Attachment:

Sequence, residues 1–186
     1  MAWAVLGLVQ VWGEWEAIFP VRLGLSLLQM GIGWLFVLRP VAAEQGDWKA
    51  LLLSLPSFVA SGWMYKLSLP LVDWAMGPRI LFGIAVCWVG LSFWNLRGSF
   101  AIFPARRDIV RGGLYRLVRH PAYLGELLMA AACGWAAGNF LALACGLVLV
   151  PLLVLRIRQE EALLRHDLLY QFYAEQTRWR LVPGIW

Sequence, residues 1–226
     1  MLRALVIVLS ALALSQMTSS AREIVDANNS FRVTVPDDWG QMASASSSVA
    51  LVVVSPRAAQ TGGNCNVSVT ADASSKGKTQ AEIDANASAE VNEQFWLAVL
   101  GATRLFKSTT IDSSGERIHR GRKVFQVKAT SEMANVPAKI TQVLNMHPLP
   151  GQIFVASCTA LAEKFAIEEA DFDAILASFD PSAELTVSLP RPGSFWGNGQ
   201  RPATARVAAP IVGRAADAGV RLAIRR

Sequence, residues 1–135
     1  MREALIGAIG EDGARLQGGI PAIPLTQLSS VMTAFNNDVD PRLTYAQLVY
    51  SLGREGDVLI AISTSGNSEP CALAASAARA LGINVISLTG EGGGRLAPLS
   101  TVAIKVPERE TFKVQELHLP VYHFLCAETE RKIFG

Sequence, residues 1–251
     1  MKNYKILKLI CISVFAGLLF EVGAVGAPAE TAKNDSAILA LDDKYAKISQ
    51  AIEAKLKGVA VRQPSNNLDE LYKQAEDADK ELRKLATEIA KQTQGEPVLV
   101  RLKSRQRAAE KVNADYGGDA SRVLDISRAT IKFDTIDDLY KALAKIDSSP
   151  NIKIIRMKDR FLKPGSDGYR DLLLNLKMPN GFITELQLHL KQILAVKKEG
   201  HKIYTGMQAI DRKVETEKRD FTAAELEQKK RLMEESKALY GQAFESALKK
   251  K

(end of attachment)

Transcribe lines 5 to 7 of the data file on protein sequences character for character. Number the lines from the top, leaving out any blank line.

   151  PLLVLRIRQE EALLRHDLLY QFYAEQTRWR LVPGIW

Sequence, residues 1–226
     1  MLRALVIVLS ALALSQMTSS AREIVDANNS FRVTVPDDWG QMASASSSVA